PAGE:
Is Meals on Wheels Covered by Medicare?

In this article...
  • Although Original Medicare (Parts A and B) usually does not cover meal delivery, many Medicare Advantage (Part C) plans cover meal delivery as an optional supplemental benefit for those who qualify. Learn more about home meal delivery, nutrition education and other benefits that may be available with a Medicare Advantage plan.

Meals on Wheels logo

Meals on Wheels, a nationwide network of community-based, non-profit programs, provides seniors with support to help them keep living in their own homes, where many aging adults prefer to remain as long as possible. This support, the organization says, includes “nutritious meals, a quick safety check and much-needed human connection to homebound seniors.”

Much of the funding for Meals on Wheels comes from government sources and private donations. Some funds may also come from insurance.

If you are a Medicare beneficiary, you may be able to find a Medicare Advantage (Medicare Part C) plan available where you live that covers Meals on Wheels or similar home meal delivery. While Original Medicare (Part A and Part B) doesn’t typically cover meal delivery, Medicare Advantage plans often offer extra benefits not covered by Original Medicare, such as prescription drug coverage, dental, vision and hearing.

In 2023, 71% of Medicare Advantage plans cover food benefits such as home meal delivery, cooking classes, nutrition education and more.

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What Is Meals on Wheels?

Meals on Wheels provides food and safety checks on home-bound seniors. Some of these community-run programs also offer services like pet food delivery, senior center meal programs, home repair services and transportation. “Each local program works with its own community’s needs and resources to provide a community-specific solution,” the organization says.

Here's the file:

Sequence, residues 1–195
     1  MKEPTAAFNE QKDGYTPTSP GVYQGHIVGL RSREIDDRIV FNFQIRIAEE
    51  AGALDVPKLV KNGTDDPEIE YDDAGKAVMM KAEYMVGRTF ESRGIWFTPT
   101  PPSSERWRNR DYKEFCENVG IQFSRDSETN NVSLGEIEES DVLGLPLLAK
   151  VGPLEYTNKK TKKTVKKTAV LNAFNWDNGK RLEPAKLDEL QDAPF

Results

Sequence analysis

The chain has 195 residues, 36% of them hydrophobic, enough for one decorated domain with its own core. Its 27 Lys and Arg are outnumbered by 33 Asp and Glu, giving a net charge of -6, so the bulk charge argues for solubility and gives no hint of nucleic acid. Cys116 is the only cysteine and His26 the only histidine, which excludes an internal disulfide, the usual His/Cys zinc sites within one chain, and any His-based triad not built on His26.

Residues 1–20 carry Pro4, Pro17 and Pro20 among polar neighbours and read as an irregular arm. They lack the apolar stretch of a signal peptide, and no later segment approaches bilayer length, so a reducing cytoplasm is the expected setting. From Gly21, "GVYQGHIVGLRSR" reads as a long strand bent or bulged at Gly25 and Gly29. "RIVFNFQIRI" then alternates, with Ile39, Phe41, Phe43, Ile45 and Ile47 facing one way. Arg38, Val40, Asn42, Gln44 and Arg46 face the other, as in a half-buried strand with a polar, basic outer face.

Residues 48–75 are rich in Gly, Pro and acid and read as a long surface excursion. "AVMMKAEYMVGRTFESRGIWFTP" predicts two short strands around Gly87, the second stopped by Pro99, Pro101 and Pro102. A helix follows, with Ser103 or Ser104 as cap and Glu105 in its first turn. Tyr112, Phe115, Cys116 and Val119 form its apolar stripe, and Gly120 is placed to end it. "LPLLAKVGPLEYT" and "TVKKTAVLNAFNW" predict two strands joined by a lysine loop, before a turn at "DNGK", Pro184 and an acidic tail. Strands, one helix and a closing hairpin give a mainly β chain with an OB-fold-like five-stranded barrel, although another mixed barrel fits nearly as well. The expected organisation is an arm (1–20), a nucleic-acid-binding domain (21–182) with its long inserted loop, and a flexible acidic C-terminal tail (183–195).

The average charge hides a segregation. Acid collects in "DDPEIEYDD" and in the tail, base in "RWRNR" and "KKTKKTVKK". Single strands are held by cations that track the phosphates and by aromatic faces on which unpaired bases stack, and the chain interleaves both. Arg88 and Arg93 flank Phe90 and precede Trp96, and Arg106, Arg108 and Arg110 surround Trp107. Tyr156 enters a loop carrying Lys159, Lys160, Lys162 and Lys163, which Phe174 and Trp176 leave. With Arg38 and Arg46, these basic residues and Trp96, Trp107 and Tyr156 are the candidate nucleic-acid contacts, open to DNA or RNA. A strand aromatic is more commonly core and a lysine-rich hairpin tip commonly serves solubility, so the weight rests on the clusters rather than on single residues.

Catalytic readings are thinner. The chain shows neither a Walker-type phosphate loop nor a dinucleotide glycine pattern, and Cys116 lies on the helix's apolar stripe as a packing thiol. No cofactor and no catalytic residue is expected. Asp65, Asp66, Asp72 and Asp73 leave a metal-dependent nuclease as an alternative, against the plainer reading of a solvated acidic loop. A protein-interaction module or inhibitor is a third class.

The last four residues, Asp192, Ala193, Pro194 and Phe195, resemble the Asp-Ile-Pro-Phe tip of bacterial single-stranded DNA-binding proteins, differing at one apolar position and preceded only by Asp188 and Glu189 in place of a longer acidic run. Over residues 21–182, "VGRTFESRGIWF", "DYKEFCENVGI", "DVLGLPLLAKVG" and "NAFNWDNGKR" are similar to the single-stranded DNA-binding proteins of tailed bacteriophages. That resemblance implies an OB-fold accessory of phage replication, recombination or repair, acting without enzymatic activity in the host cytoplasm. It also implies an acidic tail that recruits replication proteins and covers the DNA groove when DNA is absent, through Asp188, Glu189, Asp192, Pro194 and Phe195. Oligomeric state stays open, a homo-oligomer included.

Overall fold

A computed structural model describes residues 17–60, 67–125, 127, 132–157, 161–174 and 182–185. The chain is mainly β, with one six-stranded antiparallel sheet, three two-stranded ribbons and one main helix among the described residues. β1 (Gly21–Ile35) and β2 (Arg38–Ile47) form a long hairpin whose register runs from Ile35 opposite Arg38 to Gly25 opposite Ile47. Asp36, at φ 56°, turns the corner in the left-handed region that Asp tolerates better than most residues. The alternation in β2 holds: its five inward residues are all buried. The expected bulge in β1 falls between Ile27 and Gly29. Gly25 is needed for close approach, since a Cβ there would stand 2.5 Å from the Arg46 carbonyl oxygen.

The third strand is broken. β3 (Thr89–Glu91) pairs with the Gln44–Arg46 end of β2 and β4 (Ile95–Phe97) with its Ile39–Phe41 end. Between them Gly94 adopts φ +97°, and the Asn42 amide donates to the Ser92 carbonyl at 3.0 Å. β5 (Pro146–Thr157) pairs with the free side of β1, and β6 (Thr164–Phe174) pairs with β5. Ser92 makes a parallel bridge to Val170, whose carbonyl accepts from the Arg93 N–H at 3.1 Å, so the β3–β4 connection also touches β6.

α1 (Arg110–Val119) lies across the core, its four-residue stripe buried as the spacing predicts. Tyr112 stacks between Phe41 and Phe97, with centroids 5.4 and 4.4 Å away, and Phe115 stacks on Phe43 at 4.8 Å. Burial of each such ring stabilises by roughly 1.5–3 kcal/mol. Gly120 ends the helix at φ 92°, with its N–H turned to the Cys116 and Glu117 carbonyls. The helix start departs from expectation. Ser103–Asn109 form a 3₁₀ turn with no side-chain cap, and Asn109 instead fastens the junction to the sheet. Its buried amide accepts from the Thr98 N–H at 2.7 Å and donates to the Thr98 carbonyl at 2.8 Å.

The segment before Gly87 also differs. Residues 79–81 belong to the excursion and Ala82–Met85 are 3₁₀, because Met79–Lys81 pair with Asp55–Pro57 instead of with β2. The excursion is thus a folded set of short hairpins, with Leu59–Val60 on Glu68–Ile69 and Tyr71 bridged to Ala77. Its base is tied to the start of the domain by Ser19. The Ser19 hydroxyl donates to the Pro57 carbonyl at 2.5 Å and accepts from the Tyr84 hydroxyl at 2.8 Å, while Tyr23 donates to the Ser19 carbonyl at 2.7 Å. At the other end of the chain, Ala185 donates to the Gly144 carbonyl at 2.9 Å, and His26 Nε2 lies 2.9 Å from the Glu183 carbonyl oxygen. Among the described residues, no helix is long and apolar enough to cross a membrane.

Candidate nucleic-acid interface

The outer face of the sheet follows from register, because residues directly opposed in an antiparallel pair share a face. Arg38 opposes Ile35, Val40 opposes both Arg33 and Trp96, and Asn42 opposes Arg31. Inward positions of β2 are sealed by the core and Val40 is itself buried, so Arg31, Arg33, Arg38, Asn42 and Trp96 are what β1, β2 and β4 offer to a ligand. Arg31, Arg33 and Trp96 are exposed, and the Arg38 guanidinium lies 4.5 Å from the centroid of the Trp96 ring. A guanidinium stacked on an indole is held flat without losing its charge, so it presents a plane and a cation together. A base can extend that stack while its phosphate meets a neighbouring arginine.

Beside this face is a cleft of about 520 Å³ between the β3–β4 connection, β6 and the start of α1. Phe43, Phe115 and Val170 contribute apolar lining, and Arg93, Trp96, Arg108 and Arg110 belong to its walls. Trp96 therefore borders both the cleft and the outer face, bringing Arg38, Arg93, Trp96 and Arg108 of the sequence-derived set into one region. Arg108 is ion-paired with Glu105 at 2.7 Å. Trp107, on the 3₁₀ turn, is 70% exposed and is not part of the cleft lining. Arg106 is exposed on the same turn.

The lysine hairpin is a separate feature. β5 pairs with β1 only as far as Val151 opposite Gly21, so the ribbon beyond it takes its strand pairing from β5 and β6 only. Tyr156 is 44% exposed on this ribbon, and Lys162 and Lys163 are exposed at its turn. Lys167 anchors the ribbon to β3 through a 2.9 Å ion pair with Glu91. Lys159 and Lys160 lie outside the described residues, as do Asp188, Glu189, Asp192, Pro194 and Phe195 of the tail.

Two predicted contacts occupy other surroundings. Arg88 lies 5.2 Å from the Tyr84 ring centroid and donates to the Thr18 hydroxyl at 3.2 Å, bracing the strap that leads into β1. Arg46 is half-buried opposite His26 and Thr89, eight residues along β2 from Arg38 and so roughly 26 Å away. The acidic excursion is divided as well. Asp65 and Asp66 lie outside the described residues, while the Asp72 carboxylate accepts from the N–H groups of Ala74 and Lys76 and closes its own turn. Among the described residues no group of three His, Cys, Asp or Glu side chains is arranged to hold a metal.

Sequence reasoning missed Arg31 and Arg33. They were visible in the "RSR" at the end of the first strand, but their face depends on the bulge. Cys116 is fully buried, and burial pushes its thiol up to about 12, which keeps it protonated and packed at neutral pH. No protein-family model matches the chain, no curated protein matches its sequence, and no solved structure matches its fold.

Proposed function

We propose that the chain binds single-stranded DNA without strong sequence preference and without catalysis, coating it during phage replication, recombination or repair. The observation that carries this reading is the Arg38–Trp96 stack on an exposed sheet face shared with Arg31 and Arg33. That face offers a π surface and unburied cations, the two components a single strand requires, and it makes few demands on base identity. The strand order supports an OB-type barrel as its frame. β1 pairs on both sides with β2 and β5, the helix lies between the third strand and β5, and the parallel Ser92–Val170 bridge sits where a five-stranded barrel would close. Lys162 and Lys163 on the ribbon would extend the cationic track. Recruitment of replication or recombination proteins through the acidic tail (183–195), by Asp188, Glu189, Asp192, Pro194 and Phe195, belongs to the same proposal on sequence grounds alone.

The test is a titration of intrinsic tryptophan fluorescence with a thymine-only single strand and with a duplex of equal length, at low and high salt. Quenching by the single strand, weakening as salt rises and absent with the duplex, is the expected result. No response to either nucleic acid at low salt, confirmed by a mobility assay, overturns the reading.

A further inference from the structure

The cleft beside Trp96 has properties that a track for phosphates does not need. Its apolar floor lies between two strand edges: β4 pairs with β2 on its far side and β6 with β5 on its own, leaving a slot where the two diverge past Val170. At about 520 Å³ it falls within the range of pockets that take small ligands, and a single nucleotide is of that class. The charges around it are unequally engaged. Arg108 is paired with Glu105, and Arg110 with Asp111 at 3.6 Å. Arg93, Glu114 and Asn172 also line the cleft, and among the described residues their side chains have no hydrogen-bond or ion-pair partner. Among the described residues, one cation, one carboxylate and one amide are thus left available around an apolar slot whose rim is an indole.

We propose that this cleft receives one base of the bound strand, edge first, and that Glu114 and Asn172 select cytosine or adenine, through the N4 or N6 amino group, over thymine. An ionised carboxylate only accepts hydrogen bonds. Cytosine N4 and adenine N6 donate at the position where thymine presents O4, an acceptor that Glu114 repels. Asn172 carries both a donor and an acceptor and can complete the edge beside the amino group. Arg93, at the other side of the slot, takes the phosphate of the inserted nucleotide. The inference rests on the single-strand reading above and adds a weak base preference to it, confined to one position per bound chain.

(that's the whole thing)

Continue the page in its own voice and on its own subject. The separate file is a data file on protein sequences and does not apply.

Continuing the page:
Meals on Wheels serves more than 2.4 million seniors from age 60 to 100-plus each year who, because of physical or financial challenges, find it difficult to shop for or prepare meals for themselves. The live in both rural and urban communities. More than half a million of its clients (20%) are veterans, 64% are women and 40% live in poverty.

These services are vital for the 9 million seniors in America who struggle with hunger, 15 million who live in isolation and 18 million who live in or near poverty. The organization predicts that these challenges will almost certainly grow, because the senior population is projected to double by 2050.

Do I Qualify for Meals on Wheels?

Meals on Wheels eligibility can vary by community, but typically seniors must demonstrate physical or financial difficulties with eating healthy meals and moving easily about their communities. Meals on Wheels says that many areas do not have enough local resources to meet the need, and many programs have waiting lists of people trying to get these services.

Who Pays for Meals on Wheels?

Meals on Wheels is a partnership between the federal government and the public. The Older Americans Act provides about 33% of Meals on Wheels funding, and local communities and private resources provide the rest, through sources such as client payments, private donor contributions, foundations and state and local governments.

Local communities establish their own payment policies based on local needs and resources.

Clients themselves are not required to pay for services. However, their insurance coverage may help support Meals on Wheels or other food delivery programs.